Ascended standard route because avalanche danger seemed minimal, but note: a recent wet snow slide stopped about 50 yards above the trail in the 2nd(?) gully. Descended via winter route (SW ridge) mostly to avoid high winds on the SE ridge. Definitely recommend microspikes, snowshoes; I was happy to have an ice ax. Saw 1 hiker but had the place to ourselves.
Seriously windy. The forecast said (I think) SE winds with gusts up to 20, but I thought it was easterly or even northerly with sustained wind that felt like 30 with northerly gusts that almost made me fear my 25 lb. corgi could get blown off the ridge. Mountain terrain can accelerate winds and confuse their direction.
Up high, the snow was getting wet and heavy in the sun. It's not very deep, but I was making it slide on the descent. Remember that this is the most notorious avalanche site in the state. Many rocks are still exposed, esp. on the SW ridge and the west bowl. Not enough snow for skiing. The well-packed path on the trail peters out shortly after it reaches the SE ridge above treeline.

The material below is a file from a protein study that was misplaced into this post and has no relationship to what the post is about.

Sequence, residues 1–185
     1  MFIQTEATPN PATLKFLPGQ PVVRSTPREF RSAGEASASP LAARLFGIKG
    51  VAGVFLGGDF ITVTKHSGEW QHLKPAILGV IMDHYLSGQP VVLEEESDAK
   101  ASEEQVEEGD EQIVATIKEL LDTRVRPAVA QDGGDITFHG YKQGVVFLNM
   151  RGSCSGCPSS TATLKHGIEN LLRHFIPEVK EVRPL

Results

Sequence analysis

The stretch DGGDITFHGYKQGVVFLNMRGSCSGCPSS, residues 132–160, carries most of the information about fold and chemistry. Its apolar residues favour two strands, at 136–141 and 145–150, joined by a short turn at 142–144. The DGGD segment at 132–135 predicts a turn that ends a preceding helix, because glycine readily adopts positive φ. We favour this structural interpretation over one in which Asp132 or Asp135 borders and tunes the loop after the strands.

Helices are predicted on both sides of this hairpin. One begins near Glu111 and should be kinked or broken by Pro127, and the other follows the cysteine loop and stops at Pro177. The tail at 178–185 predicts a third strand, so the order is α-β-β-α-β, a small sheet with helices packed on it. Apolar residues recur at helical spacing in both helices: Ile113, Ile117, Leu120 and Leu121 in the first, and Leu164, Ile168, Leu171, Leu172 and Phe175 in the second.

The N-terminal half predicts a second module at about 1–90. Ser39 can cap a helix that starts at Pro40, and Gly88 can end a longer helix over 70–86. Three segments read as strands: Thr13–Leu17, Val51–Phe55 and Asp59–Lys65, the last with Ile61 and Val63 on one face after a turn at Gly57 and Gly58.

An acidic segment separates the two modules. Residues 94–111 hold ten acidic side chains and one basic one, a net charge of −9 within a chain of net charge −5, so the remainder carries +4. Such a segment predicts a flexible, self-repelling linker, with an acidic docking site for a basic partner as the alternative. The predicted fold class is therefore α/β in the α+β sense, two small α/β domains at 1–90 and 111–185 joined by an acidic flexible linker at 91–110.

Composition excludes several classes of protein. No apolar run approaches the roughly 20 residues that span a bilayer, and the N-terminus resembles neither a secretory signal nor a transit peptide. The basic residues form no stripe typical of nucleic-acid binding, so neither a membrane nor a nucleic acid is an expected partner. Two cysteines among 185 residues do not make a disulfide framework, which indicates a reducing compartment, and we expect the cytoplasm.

High-pressure, clear weather, temperature inversion, interesting to see the valley fog on the east side. Oddly, it was very windy in the forest near the trailhead when we returned in late afternoon, just ripping down the valley -- enough to worry about falling trees -- a 12' dia. fell across the trail (it's too high to obstruct the trail).